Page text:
Cool Jobs Q&A: Arborist

Physical fitness—and a love of the outdoors—is necessary for arborists


Photograph by Andrew Tolson



  • Arborist, City of Mississauga, Ont.
  • Average yearly income: $45,000-$65,000

How did you get into this field?

My boss asked me if I wanted to try some tree work. I was kind of bored of landscaping.

What education or skills do you have?

I went to Humber College to apprentice in landscaping, then I went back to apprentice in arboriculture. It’s three months in the winter for two years, and the rest of the time you work for a company and they pay you and sponsor you. I wrote my Ontario certified arborist exam. There’s also the International Society of Arboriculture, which certifies you around the world. I have both.

Describe a typical day on the job.

I start at seven. You come in and do machine maintenance, then you get your work orders. At each job you run through all the hazards—hydro lines, bees’ nests, things like that. You’re taking dead branches and broken branches out of the tree, either climbing or using a bucket truck. I’m on the climbing crew so we’re typically in backyards and ravines. We’re always tied in and have a rope on.

What is your most memorable moment?

In general, I really love it when I’m done, and the homeowner is just in awe and is so happy and impressed at how we did the job.

What are the pros and cons?

The pros definitely are that you get to stay fit. You get to work outside all day. It’s really rewarding work. A con would be that it’s hard on your body. It’s physically demanding. To the people getting in I would say try to learn the newer techniques that aren’t as hard on the body.

What advice would you give someone interested in this job?

Try to get hired or get involved with a reputable company. There are a lot of guys out there who don’t train properly, and it’s very money-driven, not safety-driven. And then go to school. You can learn a lot in school that you can apply in the field before you start making mistakes.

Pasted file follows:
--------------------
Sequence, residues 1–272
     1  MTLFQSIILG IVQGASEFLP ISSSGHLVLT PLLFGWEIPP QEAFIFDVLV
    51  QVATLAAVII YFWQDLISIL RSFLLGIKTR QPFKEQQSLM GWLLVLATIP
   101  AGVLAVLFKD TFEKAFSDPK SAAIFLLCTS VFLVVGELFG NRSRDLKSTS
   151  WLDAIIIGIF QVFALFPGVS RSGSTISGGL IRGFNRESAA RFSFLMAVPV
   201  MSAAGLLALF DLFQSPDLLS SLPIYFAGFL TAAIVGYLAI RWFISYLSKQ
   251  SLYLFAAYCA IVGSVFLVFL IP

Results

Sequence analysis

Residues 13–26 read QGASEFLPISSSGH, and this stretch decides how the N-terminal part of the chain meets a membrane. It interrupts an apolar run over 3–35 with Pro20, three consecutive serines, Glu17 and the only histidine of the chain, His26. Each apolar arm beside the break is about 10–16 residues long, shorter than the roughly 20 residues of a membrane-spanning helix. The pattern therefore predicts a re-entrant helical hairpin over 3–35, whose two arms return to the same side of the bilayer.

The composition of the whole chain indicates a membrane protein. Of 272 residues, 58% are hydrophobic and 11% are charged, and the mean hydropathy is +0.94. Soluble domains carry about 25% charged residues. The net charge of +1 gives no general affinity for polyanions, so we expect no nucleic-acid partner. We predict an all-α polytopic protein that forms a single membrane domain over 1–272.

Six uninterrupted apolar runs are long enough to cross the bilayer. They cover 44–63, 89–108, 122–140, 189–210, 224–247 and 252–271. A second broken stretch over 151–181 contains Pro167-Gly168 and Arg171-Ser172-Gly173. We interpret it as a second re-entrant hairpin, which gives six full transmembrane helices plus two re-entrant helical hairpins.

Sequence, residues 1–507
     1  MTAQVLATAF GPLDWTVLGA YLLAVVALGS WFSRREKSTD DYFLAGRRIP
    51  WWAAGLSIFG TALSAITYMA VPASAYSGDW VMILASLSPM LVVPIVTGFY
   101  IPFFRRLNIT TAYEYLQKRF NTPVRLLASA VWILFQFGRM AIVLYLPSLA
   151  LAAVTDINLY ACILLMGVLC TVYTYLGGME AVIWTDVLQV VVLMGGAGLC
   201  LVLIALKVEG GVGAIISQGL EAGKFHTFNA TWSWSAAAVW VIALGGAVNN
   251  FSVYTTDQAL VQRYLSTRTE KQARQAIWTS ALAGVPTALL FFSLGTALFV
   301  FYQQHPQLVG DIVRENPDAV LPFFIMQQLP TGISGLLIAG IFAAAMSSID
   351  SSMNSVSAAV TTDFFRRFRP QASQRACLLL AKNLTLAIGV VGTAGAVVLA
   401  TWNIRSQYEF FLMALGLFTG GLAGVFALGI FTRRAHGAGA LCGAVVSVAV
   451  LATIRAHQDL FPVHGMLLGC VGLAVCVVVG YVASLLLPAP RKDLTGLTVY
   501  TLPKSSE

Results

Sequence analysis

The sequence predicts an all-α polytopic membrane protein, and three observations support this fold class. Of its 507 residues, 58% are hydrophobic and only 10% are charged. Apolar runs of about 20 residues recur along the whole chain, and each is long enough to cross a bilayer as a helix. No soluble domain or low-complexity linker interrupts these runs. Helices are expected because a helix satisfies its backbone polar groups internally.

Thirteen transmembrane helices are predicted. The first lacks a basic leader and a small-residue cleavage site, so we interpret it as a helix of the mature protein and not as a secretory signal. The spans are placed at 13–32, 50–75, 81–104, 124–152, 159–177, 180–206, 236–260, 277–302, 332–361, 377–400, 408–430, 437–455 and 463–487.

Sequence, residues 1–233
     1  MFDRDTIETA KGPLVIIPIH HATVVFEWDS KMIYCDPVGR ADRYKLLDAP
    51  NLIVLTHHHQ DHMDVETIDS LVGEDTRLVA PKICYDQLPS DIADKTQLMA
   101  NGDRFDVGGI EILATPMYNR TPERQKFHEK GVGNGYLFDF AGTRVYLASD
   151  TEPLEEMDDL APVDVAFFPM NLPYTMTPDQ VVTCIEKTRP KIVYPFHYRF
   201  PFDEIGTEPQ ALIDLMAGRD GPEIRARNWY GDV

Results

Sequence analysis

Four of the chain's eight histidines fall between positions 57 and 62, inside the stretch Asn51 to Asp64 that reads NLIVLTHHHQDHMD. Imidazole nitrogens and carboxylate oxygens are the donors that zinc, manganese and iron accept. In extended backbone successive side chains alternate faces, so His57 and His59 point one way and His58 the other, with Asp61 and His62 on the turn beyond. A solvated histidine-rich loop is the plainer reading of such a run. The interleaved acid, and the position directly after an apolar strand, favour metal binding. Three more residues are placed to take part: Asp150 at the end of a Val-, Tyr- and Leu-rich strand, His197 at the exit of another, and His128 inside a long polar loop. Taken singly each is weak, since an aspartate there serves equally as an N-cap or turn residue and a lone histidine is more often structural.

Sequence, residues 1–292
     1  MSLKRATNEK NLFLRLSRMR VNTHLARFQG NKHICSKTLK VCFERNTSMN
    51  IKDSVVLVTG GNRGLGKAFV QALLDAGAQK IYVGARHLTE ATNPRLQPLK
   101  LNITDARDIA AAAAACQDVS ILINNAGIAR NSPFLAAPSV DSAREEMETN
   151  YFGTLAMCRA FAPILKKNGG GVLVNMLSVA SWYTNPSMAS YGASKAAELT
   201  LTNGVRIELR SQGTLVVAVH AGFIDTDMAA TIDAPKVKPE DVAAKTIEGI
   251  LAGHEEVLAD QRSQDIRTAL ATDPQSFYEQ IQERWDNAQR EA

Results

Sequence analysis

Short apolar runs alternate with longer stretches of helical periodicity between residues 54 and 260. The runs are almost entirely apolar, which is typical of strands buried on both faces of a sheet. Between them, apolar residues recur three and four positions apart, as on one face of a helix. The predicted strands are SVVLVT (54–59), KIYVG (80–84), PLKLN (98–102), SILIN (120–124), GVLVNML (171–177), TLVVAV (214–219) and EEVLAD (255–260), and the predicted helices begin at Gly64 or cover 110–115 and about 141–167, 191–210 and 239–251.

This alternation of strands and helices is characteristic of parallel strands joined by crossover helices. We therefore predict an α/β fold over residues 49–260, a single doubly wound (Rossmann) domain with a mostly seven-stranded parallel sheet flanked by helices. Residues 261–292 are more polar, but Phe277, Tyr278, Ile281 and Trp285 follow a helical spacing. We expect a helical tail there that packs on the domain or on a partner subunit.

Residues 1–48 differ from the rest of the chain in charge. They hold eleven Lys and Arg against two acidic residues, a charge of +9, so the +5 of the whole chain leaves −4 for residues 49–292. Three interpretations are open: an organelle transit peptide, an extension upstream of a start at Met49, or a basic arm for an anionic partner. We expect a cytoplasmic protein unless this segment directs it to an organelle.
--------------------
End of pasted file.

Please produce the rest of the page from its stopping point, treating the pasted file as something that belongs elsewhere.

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Cool Jobs Q&A: Arborist

  1. Just some election job suggestions. I’ve read the 2014 summer Macleans story about beekeeping. Macleans was sceptical about banning an insecticide that might be causing bee CCD. The real story was how bans are enforced and made into law. A temporary ban awaiting the science is probably the most prudent strategy. Is this easy to engineer? Macleans seemed to be suggesting it is black and white pesticides or no pesticides (neonicatides or something).
    I like nursing and tree genomics research here. Even more edible inner bark, and even better for condo construction, or two desired traits. Also, more fire resistant trees. The programmes that were enacted a decade ago after MPB in AB and BC should’ve focused upon the above. For civil defense in general, reserves, 1dt responders, and unemployed Inuit and Indians up north can be a source of food in a disaster, if they know how to harvest it and if they have enough off grid or reliable electricity.
    I still like the concept of plastics instead of petro. Perhaps wave power parts, perhaps utility grade battery parts or battery liquid components, perhaps plastic trees; the above have a high enough green component that they qualify for federal subsidies in any environment platform IMO.

    • ..also, terrorists shouldn’t have quantumly secure communications…
      I’d be willing to accept many more immigrants if they learn such civil defense skills and live up north for a decade before getting full citizenship.

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